Efforts by non-Russian countries to shed Moscow-imposed monuments—from the destruction of Vladimir Lenin statues in the Baltic countries in 1991, to Ukraine’s current effort at de-communizing the public space in that country by taking down memorials to Soviet murderers and renaming streets, cities and towns—have attracted a great deal of attention. But an even more important development in this regard may be taking place within the Russian Federation, where regions and republics are putting up statues and other memorials to historical figures who defended their patrimony against the depredations of the imperial center.
What makes this trend so intriguing is that it is occurring below the radar screen, even as Moscow seeks to promote a common “single-stream” history of the country. Furthermore, it calls into question—more than many commentaries and political statements—the actual level of support for the authoritarian tradition within Russia. Consequently, even though this support for local histories is at least partly predicated on the separate past and separate futures of these places, the appearance of such symbols is undermining Muscovite political culture. Thus potentially, this trend is at least opening the way for a more pluralist and open Russian political system.
In a presentation he made to a St. Petersburg conference last fall on “Terror and Culture,” Russian political commentator Daniil Kotsyubinsky points to “memorials to ‘local cultural heroes,’ which in recent years have been established and continue to be erected in Russian regions and not just in national republics.” He adds that many of these heroes won their fame and support by the resistance they showed to “the expansion of the Muscovite state, which was based on total state terror” (Daniil Kotsyubinsky, Fear and Memory: Sovereign Terror as the Basis of Russian Political Culture,” Terror and Culture: A Collection of Essays, in Russian; St. Petersburg: SPBGU, 2016, available at Afterempire.info, March 14).
Among the statues and memorials he mentions are one to Prince Mikhail Yaroslavich in Tver, Marfa Posadnitsa in Novgorod Veliky, Oleg Ryazansky in Ryazan, and to the victims of Ivan the Terrible’s conquest of Kazan in 1552 (Afterempire.info, March 14). His list could easily be extended to include memorials to leaders in the North Caucasus who resisted the Russian advance there in the 18th and 19th centuries (see EDM, September 26, 2013; July 15, 2014) and in Siberia, where the local populations have an even longer history of resisting Moscow’s imperial project.
Until recently, Kotsyubinsky says, almost all the statuary in Russia reflected “the system-forming and ‘pattern-forming’ specifics of the establishment of Russian political culture” dating back to time of the Mongol conquest. At that time, he argues, Muscovy did not so much resist as integrate itself as a colonial outpost of the Mongol state. Within that relationship, slavish obedience to the powers that be became the principle for relations at all levels of the country. Or as Russian historian Nikolay Karamzin put it, “political slavery was the foundation of the Russian-Muscovite national-state establishment” (Afterempire.info, March 14).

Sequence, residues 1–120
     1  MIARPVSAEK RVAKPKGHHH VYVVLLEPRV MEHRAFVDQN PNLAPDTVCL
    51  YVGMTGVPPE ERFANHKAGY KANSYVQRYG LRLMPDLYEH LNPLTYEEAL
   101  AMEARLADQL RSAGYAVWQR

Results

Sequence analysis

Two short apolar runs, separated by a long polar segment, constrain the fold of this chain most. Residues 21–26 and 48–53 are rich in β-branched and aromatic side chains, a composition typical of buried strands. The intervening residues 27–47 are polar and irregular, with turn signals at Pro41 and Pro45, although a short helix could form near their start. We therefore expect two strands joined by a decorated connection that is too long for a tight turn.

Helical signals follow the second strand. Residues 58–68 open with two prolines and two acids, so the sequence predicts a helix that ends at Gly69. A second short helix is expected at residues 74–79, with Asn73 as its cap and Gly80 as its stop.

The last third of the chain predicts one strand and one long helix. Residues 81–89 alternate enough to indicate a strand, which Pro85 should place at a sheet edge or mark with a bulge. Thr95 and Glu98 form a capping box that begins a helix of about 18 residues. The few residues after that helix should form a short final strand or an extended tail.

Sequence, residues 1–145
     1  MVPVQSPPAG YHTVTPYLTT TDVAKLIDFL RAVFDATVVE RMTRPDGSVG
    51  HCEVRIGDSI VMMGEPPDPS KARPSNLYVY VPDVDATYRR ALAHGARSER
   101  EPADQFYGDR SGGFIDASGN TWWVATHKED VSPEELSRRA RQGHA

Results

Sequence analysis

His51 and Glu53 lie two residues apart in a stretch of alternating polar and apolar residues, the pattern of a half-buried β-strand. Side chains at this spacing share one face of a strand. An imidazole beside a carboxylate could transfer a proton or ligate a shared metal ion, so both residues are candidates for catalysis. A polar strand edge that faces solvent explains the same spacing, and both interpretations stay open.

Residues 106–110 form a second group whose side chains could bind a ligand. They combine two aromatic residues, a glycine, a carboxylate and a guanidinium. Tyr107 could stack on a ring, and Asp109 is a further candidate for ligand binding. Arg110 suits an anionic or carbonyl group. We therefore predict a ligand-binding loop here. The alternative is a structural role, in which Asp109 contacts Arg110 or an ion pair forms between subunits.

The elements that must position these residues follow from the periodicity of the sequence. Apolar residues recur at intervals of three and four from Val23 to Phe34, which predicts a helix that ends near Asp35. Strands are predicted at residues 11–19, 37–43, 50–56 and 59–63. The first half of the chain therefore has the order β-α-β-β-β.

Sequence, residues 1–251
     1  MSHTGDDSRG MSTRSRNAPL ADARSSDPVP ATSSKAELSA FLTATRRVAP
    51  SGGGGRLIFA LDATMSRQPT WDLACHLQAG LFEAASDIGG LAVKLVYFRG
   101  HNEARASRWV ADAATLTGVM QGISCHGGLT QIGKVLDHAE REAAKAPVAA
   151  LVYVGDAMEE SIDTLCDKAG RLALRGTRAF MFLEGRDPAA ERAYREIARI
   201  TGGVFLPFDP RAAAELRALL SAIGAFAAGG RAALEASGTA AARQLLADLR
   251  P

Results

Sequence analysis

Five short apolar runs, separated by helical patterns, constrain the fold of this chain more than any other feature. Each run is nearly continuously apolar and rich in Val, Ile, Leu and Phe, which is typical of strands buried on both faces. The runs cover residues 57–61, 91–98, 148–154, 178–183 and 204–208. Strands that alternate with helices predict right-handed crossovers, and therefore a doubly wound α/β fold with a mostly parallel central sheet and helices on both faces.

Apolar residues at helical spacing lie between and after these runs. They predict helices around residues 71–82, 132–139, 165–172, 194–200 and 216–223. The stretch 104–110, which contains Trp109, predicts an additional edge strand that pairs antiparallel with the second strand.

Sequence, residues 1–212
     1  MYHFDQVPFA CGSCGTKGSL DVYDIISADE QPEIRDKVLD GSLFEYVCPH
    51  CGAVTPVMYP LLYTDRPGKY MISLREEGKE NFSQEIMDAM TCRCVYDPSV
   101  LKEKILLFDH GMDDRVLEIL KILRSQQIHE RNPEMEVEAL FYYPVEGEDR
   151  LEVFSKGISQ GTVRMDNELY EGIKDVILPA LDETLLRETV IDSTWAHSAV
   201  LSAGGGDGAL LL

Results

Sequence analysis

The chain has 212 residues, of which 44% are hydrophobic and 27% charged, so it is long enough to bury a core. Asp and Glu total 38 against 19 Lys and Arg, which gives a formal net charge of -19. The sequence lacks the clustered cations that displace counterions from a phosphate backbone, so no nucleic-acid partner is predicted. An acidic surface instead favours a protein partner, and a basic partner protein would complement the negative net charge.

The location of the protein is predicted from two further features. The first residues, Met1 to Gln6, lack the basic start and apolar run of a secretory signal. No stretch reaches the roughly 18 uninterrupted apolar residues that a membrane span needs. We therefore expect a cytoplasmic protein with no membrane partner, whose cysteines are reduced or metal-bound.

To further support his argument that Muscovy accepted rather than resisted Mongol arrangements, Kotsyubinsky cites the research of United States historian Richard Pipes, who has concluded that between 1252 and 1448, Muscovy did not fight what it later called “the Mongol yoke” but rather cooperated fully with its masters and expected those it established rule over to do the same, even though, as the historical record shows, not all leaders or peoples in Eurasia adopted the same approach. Many resisted far more than Muscovy did, and some of these heroes are now being recalled in the new monuments.
But Muscovy set the tone and ensured that “the main quality of the Russian national spirit, and at the same time the chief instrument of the integration of the Russian state […] remained in unchanged fashion the subordinates’ fear of state terror…” And out of this fear, Kotsyubinsky asserts, Russian society essentially developed “Stockholm syndrome,” whereby those taken over by force come to identify with and even share the values of those who have seized them.
Not surprisingly, Kotsyubinsky continues, “the main cultural heroes of ‘the slavish half’ of Russian political memory are the rulers.” They have typically been accorded the monuments and the glory. The main heroes of the other part of Russian culture, those who led risings against the rulers, have tended to be celebrated only if they displace the previous rulers and come to power, as happened with the Bolsheviks in 1917. Now, however, “the two sides of one and the same ‘power-terrorist medal’ ” are on public view, with the defenders of the latter increasingly getting their way. But it is still the case, he observes, that “to this day the possibility of establishing a liberal-democratic culture and a historical memory adequate to support it have been blocked [by Moscow].”
What that has meant in the past, he says, is that any dramatic liberalization soon leads to a recrudescence of the older slavish mentality; but Kotsyubinsky expresses hope that with the new monumental architecture that is coming to the fore, “at a certain moment, Russian political culture and the jail-like state that rests on it will come to an end.” The new monuments thus give hope to Russian democratic-liberals and federalists—although no guarantees.